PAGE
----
How we communicate with our clients is critical to how our relationship with them progresses. Anyone who has worked in an agency understands the intricacies of client communication – understanding what the client wants and needs, balancing brainstorms with budget, and working together to achieve mutually-accepted goals. It requires practical skills – writing, scheduling, etc. But it’s not all technical. It requires fully immersing yourself in the client’s brand, and understanding not only what they offer, but what their customers need.
And in that regard, it’s an art.
I recently participated in Seth Godin’s altMBA program,an intensive month-long leadership workshop. The program is project-driven (14 projects in 30 days, 10 books to read, 70+ articles, videos and podcasts to use as resources), very collaborative, and emphasizes giving and receiving feedback as a path of personal and professional growth. It was an astonishing month, with daily epiphanies and insights, and the meeting of interesting minds from different industries. Plus, I got to blog regularly and it reignited my passion for writing.
I learned more than I can quantify in a short blog post, but below are the six ideas I found most relevant to my work at Overit as account executive.
Our clients face uncertainty and challenges in their businesses that we have to know about, understand, and help problem-solve. Most importantly, we should empathize with their struggles. When we unearth constraints, we should elevate the conversation to focus on understanding a different point of view and the challenges our clients face. Part of our job is to care. Part of leadership is to care and want to help provide solutions.
To render the abstract tangible, you have to understand the story you tell your clients, and the story they tell the world. Every part of what we do with a client should represent their story – from print ads, to voiceover work, to the way we market a website. As Seth Godin likes to say, “A great story is true. Not true because it’s factual, but true because it’s consistent and authentic.” We help clients tell authentic stories in interesting, often artistic, ways that ring true to their employees and their customers.
For our clients to be most successful, we as a marketing agency have to help them answer the ‘why’ (or purpose) of their business to their customers. It’s part of my job to help my clients define and share their purpose clearly, and add value to their business. I need to ask hard, sometimes uncomfortable questions about goals, obstacles, revenue, what skills are needed and missing in their business, and what benefits and problems exist, and then explore these questions with clients to form a detailed plan of action and strategy.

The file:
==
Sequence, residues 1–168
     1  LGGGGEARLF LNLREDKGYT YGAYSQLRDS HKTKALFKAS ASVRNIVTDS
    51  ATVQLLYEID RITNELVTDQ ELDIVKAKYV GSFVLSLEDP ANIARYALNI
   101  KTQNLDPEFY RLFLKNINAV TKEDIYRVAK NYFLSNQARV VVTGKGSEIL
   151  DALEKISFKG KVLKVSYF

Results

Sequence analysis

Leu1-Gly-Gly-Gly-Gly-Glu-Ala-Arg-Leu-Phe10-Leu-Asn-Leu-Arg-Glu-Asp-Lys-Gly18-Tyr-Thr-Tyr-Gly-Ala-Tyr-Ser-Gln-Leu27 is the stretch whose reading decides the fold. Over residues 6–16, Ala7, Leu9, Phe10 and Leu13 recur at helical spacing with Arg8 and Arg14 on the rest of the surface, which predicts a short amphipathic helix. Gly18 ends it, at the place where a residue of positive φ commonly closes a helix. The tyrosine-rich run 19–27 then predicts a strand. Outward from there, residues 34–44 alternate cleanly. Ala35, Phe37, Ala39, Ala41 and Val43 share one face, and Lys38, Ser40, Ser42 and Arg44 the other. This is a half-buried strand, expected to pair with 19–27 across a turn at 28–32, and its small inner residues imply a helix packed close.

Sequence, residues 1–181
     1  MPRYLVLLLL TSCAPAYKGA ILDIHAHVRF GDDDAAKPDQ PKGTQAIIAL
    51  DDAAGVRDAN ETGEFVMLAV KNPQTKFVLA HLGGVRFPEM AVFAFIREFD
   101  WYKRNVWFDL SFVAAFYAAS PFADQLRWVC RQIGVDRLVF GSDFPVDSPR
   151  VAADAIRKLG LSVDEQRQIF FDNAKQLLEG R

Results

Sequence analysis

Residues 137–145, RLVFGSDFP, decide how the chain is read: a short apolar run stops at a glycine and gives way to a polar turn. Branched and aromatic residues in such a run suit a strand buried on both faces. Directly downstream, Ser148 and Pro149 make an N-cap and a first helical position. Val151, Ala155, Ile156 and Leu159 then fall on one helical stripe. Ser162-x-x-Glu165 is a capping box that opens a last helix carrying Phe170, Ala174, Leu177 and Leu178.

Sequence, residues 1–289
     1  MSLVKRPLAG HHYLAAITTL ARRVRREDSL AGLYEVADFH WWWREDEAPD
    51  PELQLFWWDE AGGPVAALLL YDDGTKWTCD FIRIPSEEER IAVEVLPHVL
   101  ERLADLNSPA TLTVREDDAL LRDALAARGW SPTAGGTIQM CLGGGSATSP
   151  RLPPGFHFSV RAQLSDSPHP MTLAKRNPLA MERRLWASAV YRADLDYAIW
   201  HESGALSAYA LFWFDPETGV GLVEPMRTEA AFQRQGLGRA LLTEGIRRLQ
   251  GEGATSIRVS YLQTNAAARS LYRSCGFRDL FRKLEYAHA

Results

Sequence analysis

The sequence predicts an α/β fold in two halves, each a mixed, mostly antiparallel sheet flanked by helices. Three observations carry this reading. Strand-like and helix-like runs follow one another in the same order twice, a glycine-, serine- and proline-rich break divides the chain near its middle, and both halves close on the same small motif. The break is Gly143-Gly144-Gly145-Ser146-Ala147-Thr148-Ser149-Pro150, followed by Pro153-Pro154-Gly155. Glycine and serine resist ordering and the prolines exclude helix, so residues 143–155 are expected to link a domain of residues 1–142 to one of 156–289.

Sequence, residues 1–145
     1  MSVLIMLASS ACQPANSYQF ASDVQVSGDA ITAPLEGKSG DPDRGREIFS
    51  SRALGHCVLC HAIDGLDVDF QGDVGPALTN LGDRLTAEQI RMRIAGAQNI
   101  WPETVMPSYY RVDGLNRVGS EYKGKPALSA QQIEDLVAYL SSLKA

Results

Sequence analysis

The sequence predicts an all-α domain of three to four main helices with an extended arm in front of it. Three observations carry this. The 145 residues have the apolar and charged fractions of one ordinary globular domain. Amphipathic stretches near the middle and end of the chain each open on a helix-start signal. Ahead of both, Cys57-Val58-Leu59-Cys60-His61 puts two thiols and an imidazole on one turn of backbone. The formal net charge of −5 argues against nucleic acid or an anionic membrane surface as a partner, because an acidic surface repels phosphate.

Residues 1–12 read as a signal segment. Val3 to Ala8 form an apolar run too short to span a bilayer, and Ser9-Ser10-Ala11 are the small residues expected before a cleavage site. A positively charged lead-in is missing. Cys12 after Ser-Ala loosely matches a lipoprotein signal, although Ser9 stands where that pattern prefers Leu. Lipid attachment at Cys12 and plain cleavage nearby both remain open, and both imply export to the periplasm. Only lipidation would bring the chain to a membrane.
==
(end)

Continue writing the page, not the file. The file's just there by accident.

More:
The Principle of Priority states (a) you must know the difference between what is urgent and what is important, and (b) you must do what’s important first.
Since time is our most limited resource, we have to use our time wisely and know that what is urgent is not what will help our business grow, nor what will help our clients. Every day, I now divide my to-do list this way and I focus mainly on what is important first. The ‘important’ must always come first because it’s what drives results.
All change involves tension, even positive change. With that in mind, our work is not always going to make our clients happy. But, as Mike Monteiro puts it in a wonderful post about design presentations (see Client Presentations),
While you should do everything in a professional and pleasing manner, never conflate helping the client achieve their goal with making them happy.”
In my role as an account executive, I instinctively want to make clients happy. The reality is, though, that what is most important is to help the client achieve their goals and run a successful business. Conflict is inevitable in that tension, but it can be overcome by clear, honest, purposeful communication. The client is an expert in their business and we are experts in ours, and we have to directly explain what will and won’t work in marketing their brand. When there is uncertainty or disagreement, it is my job to help reframe the discussion around the priorities using problem solving questions.
You can and should seek as much feedback from everyone you work with, and you can define the feedback you want from co-workers, managers and clients. There are three kinds of feedback: coaching (to help you grow), evaluation (to help you understand how you are doing in relation to a specific project or job), and appreciation (to motivate and encourage). Feedback from clients is what makes an account executive grow in understanding, and it is my responsibility to actively ask for feedback, listening silently and respectfully to what each person has to say.
This month of learning and focusing on these and other concepts showed me how much I love my job, and reinforced what an honor it is to help our clients. Account executives are able to drive much of the tone of conversations between agency and client, help shape agency culture, and deliver excellence daily. We are agents of change and communication, and I hope that the last thirty-one days in the workshop help me deliver the best results for our clients. I’m really excited about the future, continuing to learn and engaging in better ways with my coworkers and my clients.